You can’t take her like an object and place her in front of you to study. At least it was like that for me: you live with her, you talk to her and you suffer together about the suffering of the world. That’s why it’s immersion. From when I was young, from age 24, from my first encounter with Waiting on God, she’s been by my side, and I’ve felt her presence throughout my life. If I think back to my past, I’ve always been alongside her. There is that willingness to spread knowledge about the matter of human relationships, this yes, and in prayer, and trying to learn her great lesson of “attention.”

Her attention is like a sky that soothes the peaks of her passion for understanding, which is the essence of her vulcanism, pure passion. Weil’s attention guides her in sharing her discoveries with us. The greatest among her discoveries is the “needs of human beings”. And in order to satisfy these needs, she conceives the idea of a new Constitution.

“It’s true: she did let herself starve to death”
E. Jane Doering

Question 13: The next question is from Professor E. Jane Doering, I’ll put it to you exactly as it was forwarded to me:

Ms. Fiori, thank you for your willingness to answer our questions concerning the subject of your “inner biography” of Simone Weil, which gives us some original perspectives. We are grateful for your work. I use it in my classes on this important French philosopher.

I’m interested in your reasoning that presented Simone Weil’s death as a suicide despite all the other opinions explained later in the same chapter. This position is important as to the impression it leaves in the minds of students. If you were to rewrite your biography, would you take the same position as to this complex and ambiguous death? If so, why?

Fiori: I think Simone died in her sleep on the 24th of August 1943. The news was given to André who told his parents. In the papers, they wrote that she let herself starve to death. And it’s true: she did let herself starve to death. She would constantly say: “I can’t eat while children are starving because of war.” Déodat Roché, who had met her when she was in Marseille, told me when we met: “If you don’t eat you get malnourished and you die.”

The problem with food had begun in the last stages of breastfeeding which Selma Weil wanted to continue on with although she was heavily sick with the flu. It seems that Simone said in her last few days: “If I only had a nice juicy peach, or purée like my mum used to make, I’d eat now.”

When Simone Weil went into her room in Ashford, after frustrating Dr. Roberts, who was resentful of her childish cheekiness and her desire to not be cured (here’s the agony of her loneliness also as a woman) there was nothing more that could be done, and she knew it too (“what a lovely little room to die in”). And let’s not forget the impression Madeleine Marcault had when she met her in Marseille: an unhappy woman who just wanted to die. She didn’t love life; she was tormented by the ills of the world, by the impossibility of changing it.

Because of this, I would still start my book like that, with the newspaper headline. As for the rest, I think we’re not able to understand, and that we won’t ever be able to understand until the end.

Attesa di Dio: “I had never read a book like that before”
Bookcover Attente de Dieu

Question 14: The first book of Weil’s you state having read is Attente de Dieu, thanks to a recommendation by a family friend. This event dates back to the 1960s, right? From that first reading, what touched you the most? What definitively left its mark and why?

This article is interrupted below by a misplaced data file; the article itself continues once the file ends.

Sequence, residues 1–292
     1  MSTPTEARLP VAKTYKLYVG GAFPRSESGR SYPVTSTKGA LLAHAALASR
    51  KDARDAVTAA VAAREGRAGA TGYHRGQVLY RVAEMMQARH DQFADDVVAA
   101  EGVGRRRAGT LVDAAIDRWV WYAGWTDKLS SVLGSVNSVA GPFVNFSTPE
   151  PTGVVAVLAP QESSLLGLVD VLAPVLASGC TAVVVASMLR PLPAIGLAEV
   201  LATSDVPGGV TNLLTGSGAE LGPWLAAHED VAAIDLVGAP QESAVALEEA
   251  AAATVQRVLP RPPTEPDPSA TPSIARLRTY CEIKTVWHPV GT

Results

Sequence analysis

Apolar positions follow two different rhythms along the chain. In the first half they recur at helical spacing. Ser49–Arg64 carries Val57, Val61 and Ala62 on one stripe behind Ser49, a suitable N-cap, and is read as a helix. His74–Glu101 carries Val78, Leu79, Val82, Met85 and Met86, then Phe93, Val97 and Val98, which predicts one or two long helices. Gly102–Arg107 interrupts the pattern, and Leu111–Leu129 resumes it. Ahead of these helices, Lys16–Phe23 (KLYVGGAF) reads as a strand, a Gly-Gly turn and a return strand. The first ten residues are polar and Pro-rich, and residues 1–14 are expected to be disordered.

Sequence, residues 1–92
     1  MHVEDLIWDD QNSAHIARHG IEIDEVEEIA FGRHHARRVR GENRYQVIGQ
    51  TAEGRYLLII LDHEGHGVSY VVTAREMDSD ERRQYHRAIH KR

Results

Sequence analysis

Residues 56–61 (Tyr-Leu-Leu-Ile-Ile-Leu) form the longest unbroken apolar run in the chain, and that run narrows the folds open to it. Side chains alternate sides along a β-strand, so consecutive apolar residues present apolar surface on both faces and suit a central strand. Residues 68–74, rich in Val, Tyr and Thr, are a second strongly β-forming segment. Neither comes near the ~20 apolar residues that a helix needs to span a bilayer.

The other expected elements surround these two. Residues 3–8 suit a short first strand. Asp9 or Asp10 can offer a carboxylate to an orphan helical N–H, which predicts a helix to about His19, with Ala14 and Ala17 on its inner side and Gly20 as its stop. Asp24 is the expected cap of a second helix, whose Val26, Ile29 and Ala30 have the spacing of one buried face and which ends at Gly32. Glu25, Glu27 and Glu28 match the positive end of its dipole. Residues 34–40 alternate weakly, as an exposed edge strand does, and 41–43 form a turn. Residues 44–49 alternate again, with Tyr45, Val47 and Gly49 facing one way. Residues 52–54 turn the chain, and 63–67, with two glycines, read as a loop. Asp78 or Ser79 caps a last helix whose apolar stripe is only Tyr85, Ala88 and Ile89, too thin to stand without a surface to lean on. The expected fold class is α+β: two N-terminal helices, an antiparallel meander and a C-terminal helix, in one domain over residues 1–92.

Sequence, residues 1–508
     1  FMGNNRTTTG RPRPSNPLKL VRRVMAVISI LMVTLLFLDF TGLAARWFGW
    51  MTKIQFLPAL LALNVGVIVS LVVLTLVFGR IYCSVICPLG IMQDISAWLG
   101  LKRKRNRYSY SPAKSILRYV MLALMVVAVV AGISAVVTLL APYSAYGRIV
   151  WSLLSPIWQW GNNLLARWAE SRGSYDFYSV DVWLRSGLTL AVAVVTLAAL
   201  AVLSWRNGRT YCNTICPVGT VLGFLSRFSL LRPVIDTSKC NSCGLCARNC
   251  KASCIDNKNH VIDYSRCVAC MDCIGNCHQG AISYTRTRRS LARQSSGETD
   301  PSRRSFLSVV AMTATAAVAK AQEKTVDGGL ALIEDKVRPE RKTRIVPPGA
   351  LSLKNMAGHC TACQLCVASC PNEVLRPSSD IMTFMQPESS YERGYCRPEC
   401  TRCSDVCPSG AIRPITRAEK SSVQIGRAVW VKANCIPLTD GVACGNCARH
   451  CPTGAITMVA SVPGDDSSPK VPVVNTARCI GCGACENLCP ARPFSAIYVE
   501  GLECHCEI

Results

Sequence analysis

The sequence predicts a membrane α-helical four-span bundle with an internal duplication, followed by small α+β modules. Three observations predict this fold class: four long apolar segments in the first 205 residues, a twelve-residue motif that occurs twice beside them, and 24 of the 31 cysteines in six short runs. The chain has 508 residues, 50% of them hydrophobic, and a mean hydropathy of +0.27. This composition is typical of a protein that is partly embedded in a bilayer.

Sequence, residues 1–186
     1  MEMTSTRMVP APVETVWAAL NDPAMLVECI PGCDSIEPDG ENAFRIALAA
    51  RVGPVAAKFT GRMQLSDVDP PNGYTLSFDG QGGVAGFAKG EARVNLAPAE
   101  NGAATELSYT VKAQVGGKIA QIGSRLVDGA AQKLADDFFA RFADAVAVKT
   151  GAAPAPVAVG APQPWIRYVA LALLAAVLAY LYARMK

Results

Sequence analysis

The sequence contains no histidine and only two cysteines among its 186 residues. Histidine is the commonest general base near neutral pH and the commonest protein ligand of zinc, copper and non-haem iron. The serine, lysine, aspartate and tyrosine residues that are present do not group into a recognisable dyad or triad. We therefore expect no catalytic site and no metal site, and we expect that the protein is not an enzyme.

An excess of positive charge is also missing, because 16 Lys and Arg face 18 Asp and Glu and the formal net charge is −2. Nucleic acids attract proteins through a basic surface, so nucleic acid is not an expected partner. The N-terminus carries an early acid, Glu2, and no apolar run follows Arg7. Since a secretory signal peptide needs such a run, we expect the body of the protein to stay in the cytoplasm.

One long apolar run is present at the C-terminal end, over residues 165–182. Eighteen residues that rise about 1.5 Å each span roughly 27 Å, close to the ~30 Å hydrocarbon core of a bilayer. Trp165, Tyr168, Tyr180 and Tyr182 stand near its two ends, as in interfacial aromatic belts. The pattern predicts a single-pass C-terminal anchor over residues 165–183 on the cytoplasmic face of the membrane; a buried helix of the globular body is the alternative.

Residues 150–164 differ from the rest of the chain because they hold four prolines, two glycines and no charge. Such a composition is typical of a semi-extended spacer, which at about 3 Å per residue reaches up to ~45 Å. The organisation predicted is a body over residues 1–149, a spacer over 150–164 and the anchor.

Fiori: A friend of ours, the lawyer Ugo Fortini (a great reader always at the forefront of anything important that was being released) spoke to us about Attesa di Dio, available in Italy from 1954. He described it as “an extraordinary book by an incredible woman, Simone Weil.” He’d lost his wife Vittoria to the bombing of Florence in 1943. Just that day, she’d gone to Florence with her sister from the countryside to where they’d been evacuated. Vittoria had a strong Catholic faith; they were happy and in love. Then, he, an agnostic, wanted to experience her faith and in Attesa di Dio he’d found a companion in her “similar situation.” He explained it to us so well that I (then about 24) was deeply moved and wanted that book. Although I had been immersed in French culture, as I said, since I was a child, I didn’t know Simone Weil.

At the time we were hosting a friend, five years older than me, who was studying for the state teaching exam. She wanted to buy me a present so I asked her to get me Attente de Dieu as a present. I had never read a book like that before that dealt with the root problem of faith but also expressed Christian faith.

“Human relationships interested me”

Question 15: Could you tell us something about your work on your thesis when you were still a student?

Fiori: I did my thesis on John Galsworthy’s The Forsyte SagaMy emphasis was in literature and philosophy, specializing in contemporary literature. I particularly liked the novel, the title was La saga dei Forsyte come crisi e trasfigurazione del vittorianesimo. I discovered it myself with the help of classmate Enrico Andreini, who later became my husband, but is no longer with us. 

Human relationships interested me, it was my hope they would be vividly lived: all about friendship, understanding, sharing the days, readings, discoveries, chatting, confiding in each other, and in writing letters to one another. That’s what I wanted in life and also with the authors (I also believed a lot in women’s writing) I came to know through their characters. This wasn’t very well understood by either my thesis tutor or his assistant. I’m very subjective in my method of working and I believe in a friendly relationship with the author because every character in a novel mirrors them. Characters are for them their closest friends. This was what inspired my thoughts when I was a teenager. And then which influenced my books, from Weil’s biography to my book on Anna Maria Ortese.